Sunday 30 March 2014

Meghalaya's living root bridge

My latest travel piece on Meghalaya's living root bridge in today's Kannada Prabha newspaper. Here's the link: 

Wednesday 26 March 2014

Eloped girl can't ask for father's FD: Court

NEW DELHI: If a woman defies the "family and societal norms" and elopes with someone, then her father can take back the money which he deposited in her account when she was a minor. This is what a trial court observed recently while deciding a monetary dispute between a father and daughter.

The father had moved the court against his daughter seeking a permanent injunction against the banks, directing them not to release the amount to the daughter on the date of its maturity. He said as his daughter had eloped with a relative, he didn't want the banks to allow her to withdraw the money.

Interestingly, additional district judge Vinod Yadav endorsed this view saying, "Till the time defendant No 1 (daughter) behaved in the manner a growing child is supposed to behave with her parents, he continued the defendant No 1 to have that amount in her account, but the moment she defied the family and societal norms and eloped with somebody in the family out of her own volition without the consent and permission of her parents...then, like any prudent father, he would feel cheated and betrayed and in that state he is not supposed to allow his hard-earned money to be siphoned off by an unfaithful child".

The man had opened a student's account for her daughter when she was a minor and deposited money at regular intervals. The girl had now attained majority. The bank with which the account was opened was also made a party in the case. During the trial, the bank submitted before the court that as per the banking norms, once a minor becomes major, the guardian or the person who had deposited the money in his or her account cannot claim it. However, the bank later submitted that it would honour the judgment.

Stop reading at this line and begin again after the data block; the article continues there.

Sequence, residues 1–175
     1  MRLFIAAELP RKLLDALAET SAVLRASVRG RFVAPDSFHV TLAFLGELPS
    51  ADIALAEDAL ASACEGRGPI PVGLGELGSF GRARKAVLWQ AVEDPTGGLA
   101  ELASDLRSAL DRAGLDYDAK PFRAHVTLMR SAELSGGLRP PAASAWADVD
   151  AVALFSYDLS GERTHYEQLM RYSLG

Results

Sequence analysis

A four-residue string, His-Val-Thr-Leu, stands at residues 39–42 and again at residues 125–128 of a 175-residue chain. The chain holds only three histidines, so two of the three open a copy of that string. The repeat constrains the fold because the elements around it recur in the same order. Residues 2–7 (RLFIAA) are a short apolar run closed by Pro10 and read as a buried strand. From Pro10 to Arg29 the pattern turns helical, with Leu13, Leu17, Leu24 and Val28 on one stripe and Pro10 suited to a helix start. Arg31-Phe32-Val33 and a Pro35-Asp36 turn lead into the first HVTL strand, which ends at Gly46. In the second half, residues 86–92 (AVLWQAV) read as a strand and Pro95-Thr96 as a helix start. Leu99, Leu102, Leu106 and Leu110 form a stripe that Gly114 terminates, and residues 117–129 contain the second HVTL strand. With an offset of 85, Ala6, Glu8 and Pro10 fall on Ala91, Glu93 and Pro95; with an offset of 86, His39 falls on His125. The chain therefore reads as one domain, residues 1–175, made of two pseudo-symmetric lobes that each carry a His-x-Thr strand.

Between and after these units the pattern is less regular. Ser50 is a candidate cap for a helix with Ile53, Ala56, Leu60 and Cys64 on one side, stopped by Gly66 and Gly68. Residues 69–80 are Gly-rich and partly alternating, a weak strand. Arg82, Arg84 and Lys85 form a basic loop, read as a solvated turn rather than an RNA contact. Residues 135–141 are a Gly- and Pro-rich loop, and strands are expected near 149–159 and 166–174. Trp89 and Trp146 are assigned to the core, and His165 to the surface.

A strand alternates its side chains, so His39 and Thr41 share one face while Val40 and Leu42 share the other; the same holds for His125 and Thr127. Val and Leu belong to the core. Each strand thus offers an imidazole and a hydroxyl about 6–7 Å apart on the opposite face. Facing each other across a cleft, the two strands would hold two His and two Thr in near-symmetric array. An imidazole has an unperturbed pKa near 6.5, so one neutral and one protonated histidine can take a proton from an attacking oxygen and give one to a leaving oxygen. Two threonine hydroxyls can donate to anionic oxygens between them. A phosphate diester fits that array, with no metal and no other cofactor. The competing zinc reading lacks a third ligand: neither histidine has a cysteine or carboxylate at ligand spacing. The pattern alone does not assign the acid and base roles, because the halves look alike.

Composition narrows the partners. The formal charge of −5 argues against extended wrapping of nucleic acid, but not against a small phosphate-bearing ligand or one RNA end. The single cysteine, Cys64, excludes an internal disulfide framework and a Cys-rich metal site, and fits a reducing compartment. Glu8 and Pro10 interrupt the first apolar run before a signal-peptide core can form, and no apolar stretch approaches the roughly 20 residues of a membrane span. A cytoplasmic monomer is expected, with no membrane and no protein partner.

The daughter's counsel opposed the plea saying even if the money was deposited by the father out of his own will, the said amount had to be treated as a gift to his daughter. "Like a person who gives gift to another person, he cannot turn around and start reclaiming the gift to be his own," the counsel said.

Not impressed with the arguments put forth by the daughter, the court said, "There being nothing on record to even remotely suggest that the said amount was deposited by the daughter in her account, the plaintiff (father) is entitled to the decree of declaration, as prayed for".

Discussing the "social aspect" of the case, the court said, "Our society is governed by certain moral norms, which by the passage of time have attained sanctity of law and one of such predominant norms is that the parents are supposed to give best comfort, consortium, education and stay to their children to the best of their capability and conversely the same is also the right of a child...but the responsibility of the parents and the right of the children... to have the same from their parents go hand-in-hand and cannot be vouchsafed independent of each other." 
  Source: ToI